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Beyond rhetorical success: Advancing the potential for the community forestry programme in Nepal to address equity concerns

by Portal Web Editor last modified Jan 10, 2013 12:08 PM
Contributors: Upreti, B

SUMMARY: Social learning is emphasized as a means of developing methods of translating community-based forest management policies into successful and fair practice. Social learning is defined as an approach that brings people together to assess past actions and events in order to modify their behavior in order to meet mutually agreeable goals. Community stakeholders interact within a forum that provides opportunity for marginalized groups to make important input. This chapter highlights one case study of social learning experiences. During the 1900's, the community forests experienced encroachment by powerful landlords and politicians. The community united in response to threats on their survival, since they were dependent on the forests for their survival. The parties resolved their issues through informal negotiation, thereby beginning a unique self-facilitation process. As of the 1990's, these platforms are still used to facilitate communication by all societal groups. By this example, it can be seen that policies can be translated into practices that are relevant and useful to individual communities by teaching those groups how to plan ahead by collectively analyzing and learning from their mistakes and conflicts. In Nepal, multiple factions of communities have gained voice in management decision-making, which has increased the access of these groups to forests. Communities have an increased sense of ownership of their forests, which boosts grassroots decision-making, sustainable use, accountability, and overall effort given to conservation and sustainable use. However, some problems persist that inhibit the success of community forestry initiatives. In some areas, social class and equity disparities continue to cause the marginalization of some groups during the planning and policymaking. This leads to future conflicts when these groups have to struggle to subside. Facilitated social learning programs provide opportunity to rectify the weaknesses of community forestry in Nepal. Problems such as marginalization can be addressed early in planning and in a setting where these groups. This prevents future conflicts and promotes the success of community forests.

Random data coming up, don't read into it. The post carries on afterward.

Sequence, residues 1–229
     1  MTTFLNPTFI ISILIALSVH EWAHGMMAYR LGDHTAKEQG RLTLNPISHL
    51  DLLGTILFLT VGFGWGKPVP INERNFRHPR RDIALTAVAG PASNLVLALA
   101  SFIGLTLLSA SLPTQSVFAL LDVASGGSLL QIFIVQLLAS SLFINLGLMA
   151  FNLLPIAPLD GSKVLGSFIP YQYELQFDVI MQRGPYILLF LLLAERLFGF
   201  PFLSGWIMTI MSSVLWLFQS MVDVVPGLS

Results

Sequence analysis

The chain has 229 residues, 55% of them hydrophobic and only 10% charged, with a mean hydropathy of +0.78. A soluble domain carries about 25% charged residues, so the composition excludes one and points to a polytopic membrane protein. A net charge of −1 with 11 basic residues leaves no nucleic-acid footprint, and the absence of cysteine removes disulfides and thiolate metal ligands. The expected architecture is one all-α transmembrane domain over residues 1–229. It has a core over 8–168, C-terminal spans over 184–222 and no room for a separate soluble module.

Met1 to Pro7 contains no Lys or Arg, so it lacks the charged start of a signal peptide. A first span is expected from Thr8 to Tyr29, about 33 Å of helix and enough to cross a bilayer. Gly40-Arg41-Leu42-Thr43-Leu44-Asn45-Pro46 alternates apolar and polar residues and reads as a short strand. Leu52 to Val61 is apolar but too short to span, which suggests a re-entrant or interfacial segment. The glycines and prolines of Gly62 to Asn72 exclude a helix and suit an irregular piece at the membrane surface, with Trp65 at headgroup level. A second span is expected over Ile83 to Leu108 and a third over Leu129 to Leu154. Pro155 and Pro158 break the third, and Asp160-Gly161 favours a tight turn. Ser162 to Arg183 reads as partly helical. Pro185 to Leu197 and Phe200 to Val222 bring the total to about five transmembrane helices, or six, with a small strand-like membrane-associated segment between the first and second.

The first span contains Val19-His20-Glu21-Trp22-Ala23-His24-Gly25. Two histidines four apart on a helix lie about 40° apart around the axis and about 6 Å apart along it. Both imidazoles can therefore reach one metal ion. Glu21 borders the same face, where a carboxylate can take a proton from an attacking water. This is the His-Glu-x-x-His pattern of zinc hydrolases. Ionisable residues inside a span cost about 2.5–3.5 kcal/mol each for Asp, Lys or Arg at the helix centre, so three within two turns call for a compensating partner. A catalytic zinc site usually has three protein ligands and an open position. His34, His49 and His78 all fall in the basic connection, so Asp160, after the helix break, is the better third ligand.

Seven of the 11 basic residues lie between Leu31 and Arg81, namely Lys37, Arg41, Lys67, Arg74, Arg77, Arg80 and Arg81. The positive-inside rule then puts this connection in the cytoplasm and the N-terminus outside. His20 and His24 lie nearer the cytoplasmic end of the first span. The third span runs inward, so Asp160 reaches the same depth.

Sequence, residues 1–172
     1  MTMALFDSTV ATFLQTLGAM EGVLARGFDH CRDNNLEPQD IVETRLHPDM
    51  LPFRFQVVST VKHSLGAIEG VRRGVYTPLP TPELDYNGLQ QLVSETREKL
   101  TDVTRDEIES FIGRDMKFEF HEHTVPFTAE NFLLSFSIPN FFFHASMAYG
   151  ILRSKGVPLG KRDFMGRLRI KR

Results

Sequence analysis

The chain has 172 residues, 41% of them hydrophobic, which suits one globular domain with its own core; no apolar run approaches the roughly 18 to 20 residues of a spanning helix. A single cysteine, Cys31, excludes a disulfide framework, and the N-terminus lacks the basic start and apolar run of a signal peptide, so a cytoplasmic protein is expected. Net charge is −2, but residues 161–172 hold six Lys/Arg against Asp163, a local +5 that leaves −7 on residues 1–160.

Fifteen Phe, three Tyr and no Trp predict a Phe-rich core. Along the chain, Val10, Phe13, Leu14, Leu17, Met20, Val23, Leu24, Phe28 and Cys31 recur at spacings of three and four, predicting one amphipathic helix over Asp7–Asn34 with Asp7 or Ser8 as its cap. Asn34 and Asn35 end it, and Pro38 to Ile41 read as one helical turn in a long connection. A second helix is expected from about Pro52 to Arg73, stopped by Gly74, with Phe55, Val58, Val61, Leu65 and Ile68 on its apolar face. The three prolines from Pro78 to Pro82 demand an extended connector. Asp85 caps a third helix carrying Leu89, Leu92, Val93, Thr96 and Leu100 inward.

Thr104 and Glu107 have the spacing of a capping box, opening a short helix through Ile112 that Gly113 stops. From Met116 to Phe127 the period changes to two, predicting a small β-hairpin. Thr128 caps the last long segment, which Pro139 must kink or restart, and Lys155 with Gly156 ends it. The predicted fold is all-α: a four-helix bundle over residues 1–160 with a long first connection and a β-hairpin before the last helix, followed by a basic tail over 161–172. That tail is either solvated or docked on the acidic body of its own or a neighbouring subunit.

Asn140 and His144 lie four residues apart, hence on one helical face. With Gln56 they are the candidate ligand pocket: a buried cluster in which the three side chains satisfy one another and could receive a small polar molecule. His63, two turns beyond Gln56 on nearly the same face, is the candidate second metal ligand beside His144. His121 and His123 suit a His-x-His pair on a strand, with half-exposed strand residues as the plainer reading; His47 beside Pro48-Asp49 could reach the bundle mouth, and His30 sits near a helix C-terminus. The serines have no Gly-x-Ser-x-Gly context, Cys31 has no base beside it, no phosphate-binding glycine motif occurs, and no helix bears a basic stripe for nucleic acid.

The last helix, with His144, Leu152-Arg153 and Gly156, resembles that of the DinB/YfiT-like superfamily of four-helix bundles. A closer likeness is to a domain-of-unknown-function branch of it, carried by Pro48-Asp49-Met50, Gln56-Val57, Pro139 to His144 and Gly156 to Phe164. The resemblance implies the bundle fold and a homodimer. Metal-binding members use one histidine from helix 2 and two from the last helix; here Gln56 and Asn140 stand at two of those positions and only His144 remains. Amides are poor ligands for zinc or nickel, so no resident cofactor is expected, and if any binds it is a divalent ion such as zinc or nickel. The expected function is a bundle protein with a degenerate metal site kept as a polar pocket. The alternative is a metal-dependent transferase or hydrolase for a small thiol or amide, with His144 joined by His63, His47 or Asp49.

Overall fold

Author(s): Upreti, B

Publication Date: 2001

Location: Nepal

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